Epitaxial perovskite oxide devices fabricated by lift-off technology
Prof. dr. ing. A.J.H.M. Rijnders
Perovskite oxides are a fascinating class of materials owing to their ability to display diverse functional properties while retaining similar crystal structures. In the past decades intense research efforts was focused on achieving novel/enhanced functionalities in perovskite films and interfaces, requiring also the development of new patterning technologies for structuring high quality hetero-interfaces and epitaxial multilayers. This thesis demonstrates the development of a novel lithographic technology, termed as "epitaxial lift-off patterning strategy", for in situ patterning of high temperature grown epitaxial complex perovskite oxide multilayers and detailed investigations of various lift-off fabricated functional devices.
Employing the epitaxial lift-off strategy, precise patterns of the conducting heterointerface between LaAlO3 and SrTiO3 (001) were successfully fabricated without using any physical ion etching step and preserving the high quality interfacial transport properties. It was also demonstrated that the lift-off pathway can precisely pattern even more complex interface systems such as SrCuO2-LAO-STO(001), containing high mobility carriers. In addition, the patterning process was modified and integrated with e-beam lithographic process, enabling fabrication of nano-scale devices to enable the future studies of low-dimensional confinement on high mobility interface conductivity as well as interfacial magnetism.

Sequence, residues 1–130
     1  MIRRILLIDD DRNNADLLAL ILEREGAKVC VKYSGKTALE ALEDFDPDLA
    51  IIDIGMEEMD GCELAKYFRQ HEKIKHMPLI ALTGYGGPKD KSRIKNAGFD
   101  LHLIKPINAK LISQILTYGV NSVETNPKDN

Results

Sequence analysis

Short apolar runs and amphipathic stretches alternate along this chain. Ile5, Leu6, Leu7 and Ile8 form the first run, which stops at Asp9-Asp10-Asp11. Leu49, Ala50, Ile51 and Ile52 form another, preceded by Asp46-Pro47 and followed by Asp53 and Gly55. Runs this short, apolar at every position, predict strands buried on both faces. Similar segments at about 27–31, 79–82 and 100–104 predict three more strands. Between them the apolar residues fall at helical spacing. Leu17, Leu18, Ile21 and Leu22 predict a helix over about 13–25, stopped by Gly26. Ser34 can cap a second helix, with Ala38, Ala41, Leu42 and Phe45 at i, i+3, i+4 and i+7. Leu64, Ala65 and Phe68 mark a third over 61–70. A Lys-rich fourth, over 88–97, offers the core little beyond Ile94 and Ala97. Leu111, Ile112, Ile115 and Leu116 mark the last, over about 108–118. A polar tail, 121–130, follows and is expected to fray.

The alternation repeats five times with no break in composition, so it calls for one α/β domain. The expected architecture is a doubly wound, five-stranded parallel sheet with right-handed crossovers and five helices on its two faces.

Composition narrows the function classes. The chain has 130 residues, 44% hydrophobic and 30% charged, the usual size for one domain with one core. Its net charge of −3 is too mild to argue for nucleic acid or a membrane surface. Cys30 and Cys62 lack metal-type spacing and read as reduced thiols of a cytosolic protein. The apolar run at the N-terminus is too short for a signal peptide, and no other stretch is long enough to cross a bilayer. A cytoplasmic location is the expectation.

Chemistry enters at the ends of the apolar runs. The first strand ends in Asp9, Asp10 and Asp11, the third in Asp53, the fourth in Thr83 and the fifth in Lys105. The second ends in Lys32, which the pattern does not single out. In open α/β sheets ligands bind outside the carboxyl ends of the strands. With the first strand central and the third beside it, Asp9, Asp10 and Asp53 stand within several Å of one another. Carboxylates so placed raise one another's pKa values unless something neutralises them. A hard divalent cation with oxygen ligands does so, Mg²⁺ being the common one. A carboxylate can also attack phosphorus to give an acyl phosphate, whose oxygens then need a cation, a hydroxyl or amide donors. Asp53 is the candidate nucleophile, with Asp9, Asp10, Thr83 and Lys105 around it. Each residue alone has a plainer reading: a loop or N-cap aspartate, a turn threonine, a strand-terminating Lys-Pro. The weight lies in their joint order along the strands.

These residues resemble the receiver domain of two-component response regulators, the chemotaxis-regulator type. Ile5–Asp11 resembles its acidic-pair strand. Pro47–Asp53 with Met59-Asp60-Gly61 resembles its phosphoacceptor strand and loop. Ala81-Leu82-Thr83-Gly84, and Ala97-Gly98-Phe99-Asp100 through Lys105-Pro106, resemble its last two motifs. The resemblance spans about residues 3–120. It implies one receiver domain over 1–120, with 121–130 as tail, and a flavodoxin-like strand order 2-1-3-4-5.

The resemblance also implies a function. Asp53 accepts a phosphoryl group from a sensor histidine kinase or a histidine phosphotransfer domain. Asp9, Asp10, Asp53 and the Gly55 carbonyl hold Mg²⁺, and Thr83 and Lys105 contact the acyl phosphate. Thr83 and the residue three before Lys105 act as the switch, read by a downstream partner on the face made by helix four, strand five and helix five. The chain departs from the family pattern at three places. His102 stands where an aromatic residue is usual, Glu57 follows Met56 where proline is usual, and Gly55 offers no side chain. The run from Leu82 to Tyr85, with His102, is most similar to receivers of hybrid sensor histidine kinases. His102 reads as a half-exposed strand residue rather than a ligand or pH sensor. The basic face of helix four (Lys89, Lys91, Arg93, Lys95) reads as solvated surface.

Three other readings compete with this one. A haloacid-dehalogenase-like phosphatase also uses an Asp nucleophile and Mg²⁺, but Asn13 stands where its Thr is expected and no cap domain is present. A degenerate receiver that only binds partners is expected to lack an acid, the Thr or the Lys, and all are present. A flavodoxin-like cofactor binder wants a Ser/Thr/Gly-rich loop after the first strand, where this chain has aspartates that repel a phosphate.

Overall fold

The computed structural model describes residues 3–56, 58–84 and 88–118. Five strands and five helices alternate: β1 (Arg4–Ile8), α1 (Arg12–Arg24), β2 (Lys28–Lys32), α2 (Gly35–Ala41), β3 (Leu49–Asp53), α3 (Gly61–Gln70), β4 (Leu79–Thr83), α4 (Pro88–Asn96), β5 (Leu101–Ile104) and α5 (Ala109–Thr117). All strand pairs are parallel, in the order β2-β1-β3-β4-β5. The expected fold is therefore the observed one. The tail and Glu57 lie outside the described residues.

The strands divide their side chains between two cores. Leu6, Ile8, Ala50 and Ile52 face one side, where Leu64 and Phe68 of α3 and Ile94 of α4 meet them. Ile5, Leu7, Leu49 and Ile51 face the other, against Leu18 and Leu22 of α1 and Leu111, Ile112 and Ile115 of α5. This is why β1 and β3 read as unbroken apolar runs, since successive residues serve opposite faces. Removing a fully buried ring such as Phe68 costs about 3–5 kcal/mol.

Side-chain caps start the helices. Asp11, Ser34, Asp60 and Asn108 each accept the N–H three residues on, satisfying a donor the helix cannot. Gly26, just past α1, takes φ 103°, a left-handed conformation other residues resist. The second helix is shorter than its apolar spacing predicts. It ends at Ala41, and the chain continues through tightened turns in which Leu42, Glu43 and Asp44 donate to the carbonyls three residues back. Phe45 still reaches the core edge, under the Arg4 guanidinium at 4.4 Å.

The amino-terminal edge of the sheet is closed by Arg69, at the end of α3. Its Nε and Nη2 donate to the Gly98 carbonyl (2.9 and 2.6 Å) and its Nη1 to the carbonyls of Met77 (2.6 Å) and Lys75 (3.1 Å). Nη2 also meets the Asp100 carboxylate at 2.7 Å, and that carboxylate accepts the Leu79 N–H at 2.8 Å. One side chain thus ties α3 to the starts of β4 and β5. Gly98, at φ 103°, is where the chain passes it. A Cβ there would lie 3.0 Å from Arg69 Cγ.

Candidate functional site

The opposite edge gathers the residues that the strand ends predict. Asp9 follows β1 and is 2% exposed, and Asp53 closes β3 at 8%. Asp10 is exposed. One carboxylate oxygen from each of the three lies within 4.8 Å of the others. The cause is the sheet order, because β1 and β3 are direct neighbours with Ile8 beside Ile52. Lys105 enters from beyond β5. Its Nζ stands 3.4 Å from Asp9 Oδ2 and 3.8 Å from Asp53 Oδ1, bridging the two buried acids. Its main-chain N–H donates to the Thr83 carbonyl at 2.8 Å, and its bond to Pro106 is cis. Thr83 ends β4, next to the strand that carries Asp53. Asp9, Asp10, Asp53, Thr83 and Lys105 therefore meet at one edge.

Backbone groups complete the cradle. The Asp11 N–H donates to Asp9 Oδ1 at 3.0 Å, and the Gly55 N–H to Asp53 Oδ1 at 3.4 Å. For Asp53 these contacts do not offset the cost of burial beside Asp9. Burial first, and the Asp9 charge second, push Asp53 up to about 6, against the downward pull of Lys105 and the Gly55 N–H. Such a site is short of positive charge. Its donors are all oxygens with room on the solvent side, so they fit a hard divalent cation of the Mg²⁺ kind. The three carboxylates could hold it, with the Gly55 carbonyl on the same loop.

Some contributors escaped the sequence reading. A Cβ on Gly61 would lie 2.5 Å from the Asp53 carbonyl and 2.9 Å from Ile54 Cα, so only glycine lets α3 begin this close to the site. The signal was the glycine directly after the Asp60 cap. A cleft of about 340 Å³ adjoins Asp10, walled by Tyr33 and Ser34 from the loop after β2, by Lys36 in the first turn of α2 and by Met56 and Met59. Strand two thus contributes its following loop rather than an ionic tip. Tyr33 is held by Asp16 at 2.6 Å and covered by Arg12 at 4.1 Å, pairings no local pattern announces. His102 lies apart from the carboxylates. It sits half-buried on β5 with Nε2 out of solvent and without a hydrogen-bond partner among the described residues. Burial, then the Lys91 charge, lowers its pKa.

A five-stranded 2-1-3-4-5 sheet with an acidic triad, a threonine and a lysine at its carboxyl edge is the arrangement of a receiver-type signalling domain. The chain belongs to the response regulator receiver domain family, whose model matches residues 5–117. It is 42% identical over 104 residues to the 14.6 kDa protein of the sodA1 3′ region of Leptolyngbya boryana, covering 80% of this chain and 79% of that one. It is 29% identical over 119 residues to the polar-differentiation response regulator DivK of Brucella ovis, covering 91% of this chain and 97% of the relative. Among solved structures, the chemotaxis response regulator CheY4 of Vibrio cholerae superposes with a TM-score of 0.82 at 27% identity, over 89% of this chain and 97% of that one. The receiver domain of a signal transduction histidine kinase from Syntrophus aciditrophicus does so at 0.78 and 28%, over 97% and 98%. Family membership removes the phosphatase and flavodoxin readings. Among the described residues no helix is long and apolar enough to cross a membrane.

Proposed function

To demonstrate the versatility of the method, the thesis includes detailed discussion on the fabrication of all-oxide freestanding piezo-MEMS devices which are capable of functioning as very high sensitivity mass sensors. The fabrication is enabled by the lift-off pathway, facilitating a single step lift-off patterning of heteroepitaxial oxide multilayers. These freestanding epitaxial devices were studied in detail to characterize different intrinsic (material mediated) and extrinsic (from the operational medium) mechanisms causing vibrational damping, which were optimized to achieve a high quality factor of the electromechanical resonance leading to enhanced mass sensitivity. These results establish that the developed lift-off patterning strategy is a potential pathway to accomplish high performance micro and nano-devices incorporating delicate perovskite heterointerfaces and/or functional epitaxial perovskite multilayers.